Sunday, February 14, 2010

So it's not okay to give your kid's teacher a digital camera...?

While we were in the U.S. at Christmas Buddy bought a digital camera for Grant's teacher. Mrs. Wang was Audrey's homeroom teacher for two years and now she's Grant's homeroom teacher so we feel close to her. She's played a big role in our kids' education.

Now a digital camera is kind of extravagant and not something I would give a teacher in the States, however I tend to defer to Buddy on these sorts of things because he grew up here and I figure he knows what's acceptable.

We wrapped up the camera and sent it to school with Grant last week.

Today the camera came back with Grant, neatly wrapped back up in the wrapping paper.


When I asked Buddy why the teacher returned it he said it was probably too expensive.

You guys know I love this man more than life itself but he is useless when it comes to explaining any of life's mysteries.

Dear readers, can some of you shed some more light on this for me? Do students ever give their teachers gifts in China? If so, what is appropriate?

And for that matter, what do we do in the US? I don't remember ever giving a teacher a present. Is it done today? If so what's a typical gift?

6 comments:

Sarah said...

When I lived in the UK, giving gifts to teachers was acceptable, but nothing that expensive. I once gave my teacher a fancy selection of cheeses, because I knew that she loved cheese.
Here in Algeria though, gift-giving to teachers is not the done thing. The most is home-baked cakes and stuff, which my mum sends in at the end of the year for my younger siblings.

Sin-Yaw Wang said...

For centuries, students brought gifts to their teachers to show their respects. This tradition turned bad in modern time and many teachers started to sell grades or give preferential treatments. It became common for teachers to refuse all gifts, particularly extravagant ones.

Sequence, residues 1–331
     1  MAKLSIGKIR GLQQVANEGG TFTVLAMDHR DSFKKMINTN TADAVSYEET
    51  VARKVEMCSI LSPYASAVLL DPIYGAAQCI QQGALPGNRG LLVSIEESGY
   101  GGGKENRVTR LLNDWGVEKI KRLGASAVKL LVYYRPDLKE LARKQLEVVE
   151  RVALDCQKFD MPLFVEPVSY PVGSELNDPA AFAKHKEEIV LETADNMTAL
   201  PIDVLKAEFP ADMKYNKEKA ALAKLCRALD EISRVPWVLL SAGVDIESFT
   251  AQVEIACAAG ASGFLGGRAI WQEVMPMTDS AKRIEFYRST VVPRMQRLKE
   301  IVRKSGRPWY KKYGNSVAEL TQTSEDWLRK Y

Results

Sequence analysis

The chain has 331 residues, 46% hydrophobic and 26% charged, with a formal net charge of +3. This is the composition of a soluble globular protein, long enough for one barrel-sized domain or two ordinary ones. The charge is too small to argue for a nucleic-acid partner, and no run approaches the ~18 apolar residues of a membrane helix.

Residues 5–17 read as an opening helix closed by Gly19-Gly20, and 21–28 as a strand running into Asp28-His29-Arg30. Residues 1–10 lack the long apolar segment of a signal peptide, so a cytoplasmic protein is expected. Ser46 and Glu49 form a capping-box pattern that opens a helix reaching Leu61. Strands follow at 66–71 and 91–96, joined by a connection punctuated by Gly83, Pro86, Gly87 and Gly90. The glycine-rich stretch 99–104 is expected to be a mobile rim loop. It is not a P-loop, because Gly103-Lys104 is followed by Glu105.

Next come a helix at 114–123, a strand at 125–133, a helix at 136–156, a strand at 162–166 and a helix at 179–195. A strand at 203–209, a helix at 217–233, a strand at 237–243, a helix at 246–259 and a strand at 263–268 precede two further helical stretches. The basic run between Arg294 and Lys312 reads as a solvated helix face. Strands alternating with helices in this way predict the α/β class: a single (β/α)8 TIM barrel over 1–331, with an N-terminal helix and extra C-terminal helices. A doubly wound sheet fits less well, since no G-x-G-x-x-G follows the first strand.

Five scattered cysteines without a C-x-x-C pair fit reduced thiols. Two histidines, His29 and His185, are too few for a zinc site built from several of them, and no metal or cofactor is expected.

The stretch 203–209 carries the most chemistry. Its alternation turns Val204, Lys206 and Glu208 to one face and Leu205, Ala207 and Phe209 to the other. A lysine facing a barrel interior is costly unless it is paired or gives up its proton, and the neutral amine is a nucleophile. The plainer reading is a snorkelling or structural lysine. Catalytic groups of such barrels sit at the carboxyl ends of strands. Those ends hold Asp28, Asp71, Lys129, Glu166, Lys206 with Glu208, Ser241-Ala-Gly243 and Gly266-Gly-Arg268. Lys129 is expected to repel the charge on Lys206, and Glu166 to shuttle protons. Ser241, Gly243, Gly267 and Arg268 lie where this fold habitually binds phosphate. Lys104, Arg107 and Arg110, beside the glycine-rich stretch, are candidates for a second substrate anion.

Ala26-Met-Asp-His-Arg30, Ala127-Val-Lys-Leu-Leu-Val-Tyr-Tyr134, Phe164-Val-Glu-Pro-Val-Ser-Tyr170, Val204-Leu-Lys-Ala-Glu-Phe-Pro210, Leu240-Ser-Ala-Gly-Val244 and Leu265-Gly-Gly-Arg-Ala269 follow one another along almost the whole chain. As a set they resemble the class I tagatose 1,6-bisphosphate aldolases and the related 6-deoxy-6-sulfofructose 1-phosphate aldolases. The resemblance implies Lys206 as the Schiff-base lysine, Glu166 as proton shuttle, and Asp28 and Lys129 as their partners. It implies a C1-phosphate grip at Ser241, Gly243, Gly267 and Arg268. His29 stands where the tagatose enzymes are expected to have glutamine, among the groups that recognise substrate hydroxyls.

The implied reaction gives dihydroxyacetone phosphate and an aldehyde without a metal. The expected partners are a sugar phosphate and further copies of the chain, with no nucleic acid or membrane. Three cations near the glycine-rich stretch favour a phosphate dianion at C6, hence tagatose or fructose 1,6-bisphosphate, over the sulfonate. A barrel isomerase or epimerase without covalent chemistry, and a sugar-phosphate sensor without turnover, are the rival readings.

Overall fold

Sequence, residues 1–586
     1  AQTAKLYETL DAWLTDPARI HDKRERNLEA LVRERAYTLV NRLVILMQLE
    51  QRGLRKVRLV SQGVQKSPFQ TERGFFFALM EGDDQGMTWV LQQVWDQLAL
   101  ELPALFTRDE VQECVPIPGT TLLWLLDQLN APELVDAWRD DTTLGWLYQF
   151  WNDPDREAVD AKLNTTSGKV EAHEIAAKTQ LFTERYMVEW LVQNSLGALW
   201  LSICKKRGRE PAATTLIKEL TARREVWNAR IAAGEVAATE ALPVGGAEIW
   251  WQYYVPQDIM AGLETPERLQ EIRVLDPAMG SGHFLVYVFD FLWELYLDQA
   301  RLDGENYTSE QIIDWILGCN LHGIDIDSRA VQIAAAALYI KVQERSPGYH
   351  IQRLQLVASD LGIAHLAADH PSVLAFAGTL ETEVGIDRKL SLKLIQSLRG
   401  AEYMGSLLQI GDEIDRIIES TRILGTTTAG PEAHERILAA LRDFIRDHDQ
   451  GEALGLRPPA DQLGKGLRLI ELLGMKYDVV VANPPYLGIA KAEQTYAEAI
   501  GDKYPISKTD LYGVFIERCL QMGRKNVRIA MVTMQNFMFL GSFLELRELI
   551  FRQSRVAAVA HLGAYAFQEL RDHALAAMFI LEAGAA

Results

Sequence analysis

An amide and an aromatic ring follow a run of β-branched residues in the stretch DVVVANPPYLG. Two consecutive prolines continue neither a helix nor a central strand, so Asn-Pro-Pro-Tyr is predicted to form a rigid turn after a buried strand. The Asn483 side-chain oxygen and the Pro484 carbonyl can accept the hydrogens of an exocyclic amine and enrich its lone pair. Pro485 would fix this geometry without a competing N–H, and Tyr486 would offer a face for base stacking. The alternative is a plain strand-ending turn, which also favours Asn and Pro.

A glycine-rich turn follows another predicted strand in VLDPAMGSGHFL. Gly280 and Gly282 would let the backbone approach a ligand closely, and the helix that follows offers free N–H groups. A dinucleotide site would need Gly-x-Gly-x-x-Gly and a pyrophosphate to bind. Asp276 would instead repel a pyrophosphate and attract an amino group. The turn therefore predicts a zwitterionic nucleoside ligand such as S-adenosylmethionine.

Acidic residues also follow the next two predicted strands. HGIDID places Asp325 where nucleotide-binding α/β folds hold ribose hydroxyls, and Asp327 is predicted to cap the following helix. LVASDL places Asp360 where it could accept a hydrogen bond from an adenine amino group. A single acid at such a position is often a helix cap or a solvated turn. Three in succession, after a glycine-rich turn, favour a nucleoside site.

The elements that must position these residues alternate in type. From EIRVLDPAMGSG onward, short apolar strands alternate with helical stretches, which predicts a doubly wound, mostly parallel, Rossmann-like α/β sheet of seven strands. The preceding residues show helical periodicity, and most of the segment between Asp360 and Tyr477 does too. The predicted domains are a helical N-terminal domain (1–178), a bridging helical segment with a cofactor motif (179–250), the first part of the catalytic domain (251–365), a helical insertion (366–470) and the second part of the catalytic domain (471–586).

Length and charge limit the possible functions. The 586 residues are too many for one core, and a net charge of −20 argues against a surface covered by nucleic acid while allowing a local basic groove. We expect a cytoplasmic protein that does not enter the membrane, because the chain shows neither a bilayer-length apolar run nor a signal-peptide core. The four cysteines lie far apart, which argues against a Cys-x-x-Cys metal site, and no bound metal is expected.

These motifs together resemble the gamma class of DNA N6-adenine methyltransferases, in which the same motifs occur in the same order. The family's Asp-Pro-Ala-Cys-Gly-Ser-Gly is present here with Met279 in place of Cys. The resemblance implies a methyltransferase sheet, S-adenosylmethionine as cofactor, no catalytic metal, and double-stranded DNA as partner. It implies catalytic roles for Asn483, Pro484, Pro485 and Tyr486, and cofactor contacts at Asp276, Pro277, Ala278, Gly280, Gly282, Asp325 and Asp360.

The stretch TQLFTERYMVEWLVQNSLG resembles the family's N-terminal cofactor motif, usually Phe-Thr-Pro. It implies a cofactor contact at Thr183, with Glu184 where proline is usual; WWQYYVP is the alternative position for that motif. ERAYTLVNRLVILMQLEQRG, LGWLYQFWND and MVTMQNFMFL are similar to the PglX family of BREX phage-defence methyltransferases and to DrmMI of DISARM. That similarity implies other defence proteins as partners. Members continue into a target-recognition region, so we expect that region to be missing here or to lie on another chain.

She was not offended. Try having Grant make some crafts. That will probably delight her.

Melanie Gao said...

Thanks Sarah and Sin-Yaw for the ideas. Yes, homemade items will be a good thing to try next time. We can make some chocolate chip cookies or something like that. We'll see how that goes over. :)

Jocelyn said...

I agree with Sin-Yaw Wang.

I have to wonder if maybe it was also a pride thing -- I've had expensive gifts refused by Chinese in the past, as if to remind me that they don't need my foreign money, or assistance.

Well, anyhow, chocolate chip cookies sound like a delicious way to delight the homeroom teacher. Good luck, and let us know how it turns out. =)

Jane said...

I think the real problem is that the gift shouldn't be given through Grant. Letting kids know their teacher accepted their parents' gifts (especially expensive ones) is a taboo. The teacher may worry that Grant will tell other kids in his class about this. (This could very likely happen on young kids in Grant's age.) It can also make it difficult for the teacher to discipline Grant in the future. I think small gifts like handmade crafts is okay to be given through kids. However for expensive ones or gift cards (They are typical gifts for teachers today as far as I know), parents had better give them in person without even letting their kids know.

Melanie Gao said...

Jane thanks for that insight. Next time we'll try delivering the gift ourselves and see how that goes.

Jocelyn I love an excuse to bake chocolate chip cookies, don't you? I mean, a batch has a lot of cookies and the teacher does not need them all, that's for sure. :)